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Big Idea Ventures Taps NC State Food and Agricultural Innovation

Student and professor holding a beverage product they developed in a grocery store.
Dr. Keith Harris of the Department of Food, Bioprocessing and Nutrition Sciences in the College of Agriculture and Life Sciences (right) and Kendra Stallings, a graduate student and JuVn8 recipe developer, display the muscadine product in a local grocery store.

North Carolina State University’s strengths in food and agricultural innovation are center stage in a new venture aimed at fueling economic growth in rural areas.

Big Idea Ventures LLC, the global leader in early-stage alternative protein investing, today announced the launch of the Generation Food Rural Partners (GFRP) fund and the selection of the university as its inaugural collaborator.

GFRP is a $125 million target fund that will fuel economic development in rural communities across the United States through the commercialization of food and agricultural technologies, protein innovation and other university intellectual property.

“Big Idea Ventures was founded to solve the world’s greatest challenges by backing the world’s best entrepreneurs,” said Andrew D. Ive, founder and managing general partner. “This new fund will widen our scope to capture breakthrough technologies from world-class universities that will impact the global food supply chain. The goal is to drive job creation and entrepreneurship in rural communities hungry for economic development and have them continue to be the centers of food innovation and production for generations to come.”

5+ Venture Centers to Be Established

The GFRP fund will establish at least five venture centers to facilitate collaboration with multiple leading U.S. universities. BIV venture center staff will work with the universities to identify and evaluate new developments with the strongest commercialization potential and the fund will then invest in new companies formed around the groundbreaking research. These new companies will be headquartered in rural communities near the collaborating universities and the GFRP team expects the first of these new companies to be established in North Carolina.

“We are excited to launch Generation Food Rural Partners with NC State as our first university collaborator,” said Tom Mastrobuoni, chief investment officer for Big Idea Ventures. “We chose NC State because of its forward-looking investments in plant science and plant-based food innovation and its historical excellence in plant breeding and agricultural research.

“We want to help universities like NC State benefit from the formation of these new businesses while demonstrating the commercial value of university research,” Mastrobuoni continued. “We believe GFRP will drive more scientists to pursue additional research and encourage other entrepreneurs to establish their companies near our venture centers in rural America.”

Project Taps NC State’s Research Expertise and Entrepreneurial Spirit

NC State is a top-ranked land-grant university globally recognized as a research powerhouse. Researchers in the College of Agriculture and Life Sciences alone were awarded $96.5 million in grants last year and exceeded $130 million in research expenditures in more than 600 active research programs in on-campus labs, field labs, farm fields, and in the state’s network of 18 research stations.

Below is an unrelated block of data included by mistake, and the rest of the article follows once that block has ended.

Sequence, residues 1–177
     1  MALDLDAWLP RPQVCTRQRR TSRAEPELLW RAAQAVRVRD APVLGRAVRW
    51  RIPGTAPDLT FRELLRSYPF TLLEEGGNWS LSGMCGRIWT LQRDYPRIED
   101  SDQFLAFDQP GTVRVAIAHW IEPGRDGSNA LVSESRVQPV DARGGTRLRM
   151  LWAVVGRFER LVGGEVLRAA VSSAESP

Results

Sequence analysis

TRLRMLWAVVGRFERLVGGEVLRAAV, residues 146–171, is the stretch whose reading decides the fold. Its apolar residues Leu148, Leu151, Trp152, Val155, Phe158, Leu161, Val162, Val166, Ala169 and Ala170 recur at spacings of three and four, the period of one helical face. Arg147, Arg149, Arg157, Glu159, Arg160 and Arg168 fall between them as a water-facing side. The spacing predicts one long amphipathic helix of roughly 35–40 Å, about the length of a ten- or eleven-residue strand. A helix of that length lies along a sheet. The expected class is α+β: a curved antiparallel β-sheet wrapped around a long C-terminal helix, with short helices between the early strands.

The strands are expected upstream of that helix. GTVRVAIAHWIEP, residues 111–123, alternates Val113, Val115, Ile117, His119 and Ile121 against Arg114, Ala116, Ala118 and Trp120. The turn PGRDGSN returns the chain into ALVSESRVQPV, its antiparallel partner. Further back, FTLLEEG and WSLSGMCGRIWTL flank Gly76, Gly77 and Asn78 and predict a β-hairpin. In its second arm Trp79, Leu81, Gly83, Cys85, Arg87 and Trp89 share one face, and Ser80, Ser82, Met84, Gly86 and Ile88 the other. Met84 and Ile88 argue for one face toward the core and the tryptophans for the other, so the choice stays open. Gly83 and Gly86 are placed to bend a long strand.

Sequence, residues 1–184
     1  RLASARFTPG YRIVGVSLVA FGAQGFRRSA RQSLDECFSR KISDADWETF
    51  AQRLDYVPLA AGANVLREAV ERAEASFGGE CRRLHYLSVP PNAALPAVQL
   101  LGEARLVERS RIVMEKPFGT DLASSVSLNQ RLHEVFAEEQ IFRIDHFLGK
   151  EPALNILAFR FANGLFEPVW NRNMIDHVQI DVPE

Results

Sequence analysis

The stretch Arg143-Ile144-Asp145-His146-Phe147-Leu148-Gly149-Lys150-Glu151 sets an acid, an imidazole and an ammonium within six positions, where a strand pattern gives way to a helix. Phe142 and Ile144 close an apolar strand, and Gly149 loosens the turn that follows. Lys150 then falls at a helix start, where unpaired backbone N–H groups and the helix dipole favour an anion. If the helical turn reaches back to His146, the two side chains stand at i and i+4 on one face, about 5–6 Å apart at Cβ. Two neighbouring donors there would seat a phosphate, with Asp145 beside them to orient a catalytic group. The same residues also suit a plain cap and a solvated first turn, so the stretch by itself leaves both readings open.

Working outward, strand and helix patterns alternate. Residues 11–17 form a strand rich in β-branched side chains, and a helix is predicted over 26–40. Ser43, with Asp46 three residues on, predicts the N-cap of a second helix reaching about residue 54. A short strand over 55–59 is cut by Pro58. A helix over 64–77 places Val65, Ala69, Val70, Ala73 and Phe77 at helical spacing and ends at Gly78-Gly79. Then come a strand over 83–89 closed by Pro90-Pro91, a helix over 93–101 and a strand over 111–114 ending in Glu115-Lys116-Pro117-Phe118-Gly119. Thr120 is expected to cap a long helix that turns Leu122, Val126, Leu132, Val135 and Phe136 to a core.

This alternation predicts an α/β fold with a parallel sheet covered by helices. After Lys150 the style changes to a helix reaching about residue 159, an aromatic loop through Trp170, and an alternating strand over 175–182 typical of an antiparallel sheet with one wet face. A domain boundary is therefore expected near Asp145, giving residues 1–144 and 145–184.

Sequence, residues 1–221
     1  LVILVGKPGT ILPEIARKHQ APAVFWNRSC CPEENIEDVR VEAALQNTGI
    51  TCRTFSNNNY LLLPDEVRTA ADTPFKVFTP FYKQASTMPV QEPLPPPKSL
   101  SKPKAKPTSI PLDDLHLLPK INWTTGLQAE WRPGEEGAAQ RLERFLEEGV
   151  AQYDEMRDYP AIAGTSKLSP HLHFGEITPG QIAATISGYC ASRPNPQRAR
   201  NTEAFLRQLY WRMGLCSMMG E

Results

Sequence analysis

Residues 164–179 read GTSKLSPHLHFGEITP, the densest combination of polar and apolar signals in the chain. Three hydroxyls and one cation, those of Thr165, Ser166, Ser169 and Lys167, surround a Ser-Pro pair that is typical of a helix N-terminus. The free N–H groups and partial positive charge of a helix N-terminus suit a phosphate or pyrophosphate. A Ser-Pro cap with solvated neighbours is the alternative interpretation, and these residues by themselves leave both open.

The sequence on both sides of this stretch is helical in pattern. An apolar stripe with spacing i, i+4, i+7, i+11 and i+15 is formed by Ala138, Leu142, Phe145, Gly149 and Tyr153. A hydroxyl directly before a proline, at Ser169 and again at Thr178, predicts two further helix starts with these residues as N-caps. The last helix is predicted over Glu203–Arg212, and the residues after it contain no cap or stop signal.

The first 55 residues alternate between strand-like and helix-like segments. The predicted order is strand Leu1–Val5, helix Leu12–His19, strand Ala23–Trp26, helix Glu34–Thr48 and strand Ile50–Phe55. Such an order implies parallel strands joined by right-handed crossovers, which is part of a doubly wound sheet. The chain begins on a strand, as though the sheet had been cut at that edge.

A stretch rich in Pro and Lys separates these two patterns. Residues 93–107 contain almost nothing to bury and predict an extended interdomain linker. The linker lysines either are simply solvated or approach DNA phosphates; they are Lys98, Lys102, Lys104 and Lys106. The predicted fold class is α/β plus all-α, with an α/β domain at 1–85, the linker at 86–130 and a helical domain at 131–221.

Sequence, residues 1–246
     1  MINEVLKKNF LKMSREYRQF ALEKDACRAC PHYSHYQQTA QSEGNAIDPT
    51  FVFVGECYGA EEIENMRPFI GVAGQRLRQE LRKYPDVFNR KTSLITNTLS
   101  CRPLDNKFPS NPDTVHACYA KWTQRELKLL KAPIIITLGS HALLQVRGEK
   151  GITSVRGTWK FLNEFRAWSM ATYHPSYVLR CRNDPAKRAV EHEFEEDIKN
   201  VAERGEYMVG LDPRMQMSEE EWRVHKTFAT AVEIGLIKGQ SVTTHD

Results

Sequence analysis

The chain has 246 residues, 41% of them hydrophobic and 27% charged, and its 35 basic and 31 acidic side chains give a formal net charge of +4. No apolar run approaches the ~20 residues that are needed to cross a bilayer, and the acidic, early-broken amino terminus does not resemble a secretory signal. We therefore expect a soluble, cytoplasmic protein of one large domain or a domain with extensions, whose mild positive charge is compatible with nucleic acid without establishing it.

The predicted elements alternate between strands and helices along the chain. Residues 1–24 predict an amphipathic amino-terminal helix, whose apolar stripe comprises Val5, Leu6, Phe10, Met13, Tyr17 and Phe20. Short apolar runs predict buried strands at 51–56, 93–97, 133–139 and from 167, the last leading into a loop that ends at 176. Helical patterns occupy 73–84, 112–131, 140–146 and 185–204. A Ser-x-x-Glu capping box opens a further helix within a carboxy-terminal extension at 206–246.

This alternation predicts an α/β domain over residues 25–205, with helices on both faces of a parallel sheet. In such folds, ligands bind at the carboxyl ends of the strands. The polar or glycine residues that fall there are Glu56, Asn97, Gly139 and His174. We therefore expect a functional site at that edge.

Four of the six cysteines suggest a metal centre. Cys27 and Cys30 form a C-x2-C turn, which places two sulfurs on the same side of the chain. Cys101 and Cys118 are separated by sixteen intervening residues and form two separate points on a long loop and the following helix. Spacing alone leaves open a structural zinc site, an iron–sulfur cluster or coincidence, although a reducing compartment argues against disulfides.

“We are thrilled that Big Idea Ventures has recognized NC State’s world-class agricultural research capabilities, and this opportunity aligns perfectly with our mission to create prosperity for our state and reflects the entrepreneurial spirit of this university. With our Think and Do mindset, we believe research has its greatest value when it’s at work in the real world creating opportunities and solving problems. We’re delighted to be working with this team from the very beginning,” said Wade Fulghum, assistant vice chancellor for research commercialization.

“North Carolina has the third most diverse agricultural economy and the most entrepreneurial farmers and agribusinesses in the nation,” said Richard Linton, dean of the College of Agriculture and Life Sciences. “With their investment in NC State research and programs such as the N.C. Plant Sciences Initiative and the North Carolina Food Innovation Lab, we believe we have a complete innovation ecosystem to attract and support the best researchers and food entrepreneurs in the world.” 

Legislators Say Venture Support Is Critical for Rural Development

Only 20% of the state’s agricultural GDP comes from food manufacturing. Expanding the state’s food manufacturing capabilities in rural communities is a key area of focus for the North Carolina General Assembly.

Here’s what three state legislators had to say:

  • “Venture support is critical to the further development of rural businesses and infrastructure. … Bringing food manufacturing companies directly to the source of the agricultural products they need will be a game-changer for our farmers, our rural communities, and the entrepreneurs who take advantage of this opportunity.” – Sen. Brent Jackson
  • “This cutting-edge venture reflects the potential for innovation to help bridge the urban, rural economic divide.” – Sen. Paul Newton
  • “This exciting opportunity is a recognition of the incredible natural and human resources we enjoy in our state, and I’m proud to support ongoing entrepreneurial collaborations that benefit our citizens.” — Rep. Kristin Baker